Bay Leaf Plant (BTL)
Sweet Bay Tree Care – Tips For Growing A Bay Tree
The sweet bay tree is one of the most popular trees in the world. They are native to tropical regions of South East Asia and Australia.
They have been cultivated since ancient times and their popularity continues today due to their adaptability, beauty, and ease of care. However, they do require careful cultivation methods to ensure optimum results.
In fact, it’s not uncommon for them to suffer from disease and insect infestations. Some species such as the sweet bay tree are prone to die back if left unattended.
If you’re looking for a healthy, beautiful tree with excellent aesthetic appeal then you need to look no further than the sweet bay tree!
How To Grow A Bay Leaf Tree:
It is very easy to grow a BTL in your backyard or even your front yard. You just need to take some precautions.
First of all, you’ll want to make sure that there isn’t any kind of invasive species such as ants or termites living nearby. These pests will quickly destroy your tree. Secondly, you’ll want to keep your soil free of organic matter like leaves and grass clippings. These types of materials can cause problems when it comes time to watering the tree.
During the first year of cultivation, you need to water the tree regularly. Once every week is sufficient.
Next, you need to fertilize it about twice per month during spring and summer months. Doing this will help to promote leaf growth as well as encourage strong roots and trunk development.
You should also take measures to shield it from harsh weather elements such as strong winds or direct sunlight during midday hours. This will prevent damage to the leaves and promote healthy growth.
In fact, you should place it in a location where it will receive at least a few hours of direct sunlight during the day. If this isn’t possible, then you may want to consider using a artificial lighting system.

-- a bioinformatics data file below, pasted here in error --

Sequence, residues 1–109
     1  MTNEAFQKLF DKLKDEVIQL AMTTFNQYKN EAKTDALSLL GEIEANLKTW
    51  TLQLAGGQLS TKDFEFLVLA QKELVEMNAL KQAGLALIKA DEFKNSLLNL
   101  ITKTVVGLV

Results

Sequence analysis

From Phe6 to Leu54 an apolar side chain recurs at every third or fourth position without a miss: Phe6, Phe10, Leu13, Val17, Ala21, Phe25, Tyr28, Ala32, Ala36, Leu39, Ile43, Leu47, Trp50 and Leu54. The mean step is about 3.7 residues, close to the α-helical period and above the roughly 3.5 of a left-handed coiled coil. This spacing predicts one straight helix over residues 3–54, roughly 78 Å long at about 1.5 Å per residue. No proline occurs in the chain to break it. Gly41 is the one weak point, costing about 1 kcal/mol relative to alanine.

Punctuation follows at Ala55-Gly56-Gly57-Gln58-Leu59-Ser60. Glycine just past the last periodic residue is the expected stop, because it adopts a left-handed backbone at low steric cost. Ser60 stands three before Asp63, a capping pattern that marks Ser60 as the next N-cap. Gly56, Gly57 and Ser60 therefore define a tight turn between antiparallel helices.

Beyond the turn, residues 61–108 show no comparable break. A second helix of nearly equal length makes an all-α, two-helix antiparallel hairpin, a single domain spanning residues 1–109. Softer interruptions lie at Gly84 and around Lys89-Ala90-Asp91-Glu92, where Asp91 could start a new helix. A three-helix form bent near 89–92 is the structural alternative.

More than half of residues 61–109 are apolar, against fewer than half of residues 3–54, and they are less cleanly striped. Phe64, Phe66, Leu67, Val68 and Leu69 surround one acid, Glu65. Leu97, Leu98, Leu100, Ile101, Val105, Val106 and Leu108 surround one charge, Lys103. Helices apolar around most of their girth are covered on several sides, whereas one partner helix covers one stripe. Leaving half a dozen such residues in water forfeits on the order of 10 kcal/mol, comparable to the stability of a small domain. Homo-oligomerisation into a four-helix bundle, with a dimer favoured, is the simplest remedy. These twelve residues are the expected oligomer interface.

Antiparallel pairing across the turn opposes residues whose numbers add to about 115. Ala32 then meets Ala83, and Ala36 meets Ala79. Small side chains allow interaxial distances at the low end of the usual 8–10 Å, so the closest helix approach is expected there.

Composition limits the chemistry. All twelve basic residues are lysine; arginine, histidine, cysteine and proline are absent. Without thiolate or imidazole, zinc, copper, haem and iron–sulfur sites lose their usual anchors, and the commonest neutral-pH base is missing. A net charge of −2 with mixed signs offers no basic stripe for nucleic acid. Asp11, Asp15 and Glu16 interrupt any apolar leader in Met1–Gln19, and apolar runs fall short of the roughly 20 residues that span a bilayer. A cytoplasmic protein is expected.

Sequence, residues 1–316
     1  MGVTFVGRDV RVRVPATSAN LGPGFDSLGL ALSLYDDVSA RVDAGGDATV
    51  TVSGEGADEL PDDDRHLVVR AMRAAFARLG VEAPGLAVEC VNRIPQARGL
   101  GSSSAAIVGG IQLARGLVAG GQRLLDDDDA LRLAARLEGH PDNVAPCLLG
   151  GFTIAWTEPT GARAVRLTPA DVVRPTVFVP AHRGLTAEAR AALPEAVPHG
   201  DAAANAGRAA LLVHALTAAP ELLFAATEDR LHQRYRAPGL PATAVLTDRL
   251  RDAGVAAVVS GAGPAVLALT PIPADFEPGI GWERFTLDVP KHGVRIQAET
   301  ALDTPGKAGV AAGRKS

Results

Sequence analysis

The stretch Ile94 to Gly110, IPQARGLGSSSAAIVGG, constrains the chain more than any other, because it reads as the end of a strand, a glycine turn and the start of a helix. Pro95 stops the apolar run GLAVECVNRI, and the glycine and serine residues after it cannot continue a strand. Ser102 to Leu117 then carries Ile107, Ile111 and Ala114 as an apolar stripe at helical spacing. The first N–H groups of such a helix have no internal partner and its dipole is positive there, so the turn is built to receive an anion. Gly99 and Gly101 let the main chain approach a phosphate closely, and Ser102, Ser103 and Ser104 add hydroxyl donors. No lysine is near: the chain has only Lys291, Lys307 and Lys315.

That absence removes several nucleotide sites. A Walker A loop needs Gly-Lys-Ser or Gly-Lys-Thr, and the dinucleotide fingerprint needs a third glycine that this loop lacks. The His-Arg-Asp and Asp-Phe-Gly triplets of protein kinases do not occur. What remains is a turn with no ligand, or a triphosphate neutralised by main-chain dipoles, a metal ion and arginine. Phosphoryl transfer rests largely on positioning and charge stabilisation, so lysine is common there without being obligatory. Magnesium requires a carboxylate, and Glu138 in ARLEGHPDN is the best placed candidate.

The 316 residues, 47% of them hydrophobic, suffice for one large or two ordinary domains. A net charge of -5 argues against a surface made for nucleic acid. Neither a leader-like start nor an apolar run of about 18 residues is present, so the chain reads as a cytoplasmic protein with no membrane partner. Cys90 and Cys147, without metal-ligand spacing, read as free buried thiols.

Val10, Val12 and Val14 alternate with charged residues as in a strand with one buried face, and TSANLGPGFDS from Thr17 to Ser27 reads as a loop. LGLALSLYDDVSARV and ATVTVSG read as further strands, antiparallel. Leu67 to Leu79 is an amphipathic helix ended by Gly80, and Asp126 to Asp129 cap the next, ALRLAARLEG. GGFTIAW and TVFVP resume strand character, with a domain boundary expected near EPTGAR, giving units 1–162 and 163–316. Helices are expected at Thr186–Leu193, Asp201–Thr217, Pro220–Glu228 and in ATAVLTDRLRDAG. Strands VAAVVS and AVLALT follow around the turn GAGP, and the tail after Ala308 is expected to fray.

Bay Leaf Tree Problems:
Sometimes you might notice brown edges around the leaves. This is typically a sign of dehydration and can be easily fixed by increasing your watering frequency.
If this does not work, you may have an issue with insects, such as aphids. These can be treated using isopropyl alcohol. You can also treat fungal infections with anti-fungal sprays.
If you have a severe infestation and are unsure of how to fix the problem, we will send you a new tree free of charge! Just send us a picture of your tree and our arborists will diagnose the problem and send you a free replacement.
How To Properly Prune A Bay Tree:
Pruning is a very important part of bay tree cultivation as it helps promote new growth and rejuvenates older, weaker trees. You should begin by pruning any dead branches or twigs, then you should thin out the center of the tree to promote air flow and sunlight to the inner canopy.
Make sure that you only remove 1/3 of the tree at a time so that it has enough energy to sustain itself.
How To Harvest Bay Leaves:
Harvesting bay leaves is harder than it looks, you can’t just simply pluck them off like you would with an apple tree. You have to wait until the fall months when the leaves have fallen off on their own accord.
Once this happens, use a rake to collect fallen leaves and place them in a bag for storage. The next step is to fan the leaves so that they can dry out properly.
Sources & references used in this article:
Sweet bay (Laurus nobilis L.) essential oil and its chemical composition, antioxidant activity and leaf micromorphology under different extraction methods by A Taban, MJ Saharkhiz, M Niakousari – Sustainable Chemistry and …, 2018 – Elsevier
Somatic embryogenesis in three Magnolia species by SA Merkle, AT Wiecko – Journal of the American Society for …, 1990 – journals.ashs.org
Common edible and useful plants of the west by M Sweet, JE Sweet – 1962 – rexresearch.com
Ecology and silviculture of whitecedar and associated hardwoods in southern New Jersey by S Little Jr – 1950 – elischolar.library.yale.edu
Pirone’s tree maintenance by L Bromfield – 1924 – Frederick A. Stokes Company
Commercial vegetative inoculum of Pisolithus tinctorius and inoculation techniques for development of ectomycorrhizae on container-grown tree seedlings by PP Pirone, JR Hartman, TP Pirone, TP Pirone, MA Sall – 2000 – books.google.com
Native Florida plants: Low maintenance landscaping and gardening by DH Marx, JL Ruehle, DS Kenney, CE Cordell… – Forest …, 1982 – academic.oup.com
Community ButterflyScaping: How to Move Beyond Butterfly Gardening to Create a Large0Scale Butterfly Habitat1 by RG Haehle, J Brookwell – 2004 – books.google.com